When our interview concluded, I asked Frank if he’d be willing to take me on a tour of his old neighbourhood, to show me where the creek had been. Excited, he suggested that we jump into the car and head there right away. We drove through streets and laneways looking for glimpses of the old creek but we didn’t find any. Instead, we ran into one of Frank’s old neighbours, a boyhood friend, who proceeded to confirm the existence of the creek. “Do you remember the creek? Frank asked. “Yeah … You used to hear it flowing … It comes from the slag dump,” the man told us. “Do you remember all the people that watered their garden?” Frank continued. “Yeah, oh yeah, for sure,” he replied. “Remember they died of cancer,” Frank declared. “Yeah oh yeah they had a big, like a big cauldron [that they would use to water their gardens] … Yeah, it must be still running, because it was quite the flow … in the spring, you could like hear it, like a torrent,” the man recalled. “But you remember the people who lived there watered their garden,” Frank repeated.” “Yeah, oh yeah, for sure, for sure,” the man agreed. “A lot of them died of cancer,” Frank continued. “Oh yeah, for sure,” he confirmed. Frank and his childhood friend went on to recall the old-timers who had since passed away, making clear that there was a pattern of illness in the neighbourhood. For them, incidents of cancer were tied to water.
Frank and I never did find the part of the creek that used to run behind his house as a child, but we did drive to the outer edge of the neighbourhood, pulling over on Big Nickel Mine Drive to examine the part of the creek that currently seeps down from the slag piles, flows into a culvert under the road, and then into a marshy area before presumably making its way into the now underground creek that Frank remembers from his youth. The water, as you can see in this video, is green in colour, and if you cross the highway, it appears to be clear, as Frank remembered, though it has not undergone any apparent form of filtration. The types of contaminants in the water, if any, and their corresponding levels are also unknown.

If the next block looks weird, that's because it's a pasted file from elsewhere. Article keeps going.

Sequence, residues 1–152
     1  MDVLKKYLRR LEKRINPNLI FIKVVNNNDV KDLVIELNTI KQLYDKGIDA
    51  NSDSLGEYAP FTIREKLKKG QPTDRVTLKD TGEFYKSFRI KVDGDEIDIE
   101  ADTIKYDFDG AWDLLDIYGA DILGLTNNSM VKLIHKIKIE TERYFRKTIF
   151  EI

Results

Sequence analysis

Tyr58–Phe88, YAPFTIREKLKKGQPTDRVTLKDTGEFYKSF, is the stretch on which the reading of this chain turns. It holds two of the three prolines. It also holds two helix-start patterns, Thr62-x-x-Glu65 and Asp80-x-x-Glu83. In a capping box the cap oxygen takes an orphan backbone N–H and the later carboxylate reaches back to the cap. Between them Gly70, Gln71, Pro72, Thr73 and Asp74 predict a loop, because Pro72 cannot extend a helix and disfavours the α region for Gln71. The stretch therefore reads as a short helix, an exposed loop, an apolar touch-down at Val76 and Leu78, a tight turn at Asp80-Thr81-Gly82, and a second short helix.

Vale has stated that the matter under investigation never posed a threat to Sudburians’ health and safety, especially because the water in question had no connection to the city’s drinking water sources. That said, memories, like the ones shared by Frank, force us to think deeply about this statement and the larger human implications of this Environment Canada investigation. Sudburians who live close to Vale’s mining sites of operation have spent their lives living with and adapting to the resulting toxins in their environment. They have been exposed to pollutants in the water as well as in the air and soil. In the past, the company as well as local politicians and various government agencies have told citizens that environmental toxicity levels were acceptable. What does this mean and how much exposure is too much? It is time for transparency so we can begin to understand the ways that nickel mining has affected both wildlife and human life in this community.
Many thanks to Steven High, Mercedes Steedman, and John C. Walsh for reading an earlier draft of this piece, and to Frank Stradiotto for sharing his important and timely memories about place with me.
 Ann Laura Stoler, “Imperial Debris: Reflections of Ruins and Ruination,” Cultural Anthropology23, 2 (May 2008), 195-219.
 This investigation is just the latest in a series of major safety violations for Vale, including the deaths of four workers killed in 2011, 2012, and 2014, and a toxic nitrogen dioxide leak this past August.
 For more on “inescapable ecologies” see Linda Nash, Inescapable Ecologies: A History of Environment, Disease and Knowledge (Berkeley: University of California Press, 2006).
 Ann Laura Stoler, ed., Imperial Debris: On Ruins and Ruination (Durham: Duke University Press, 2013), 18.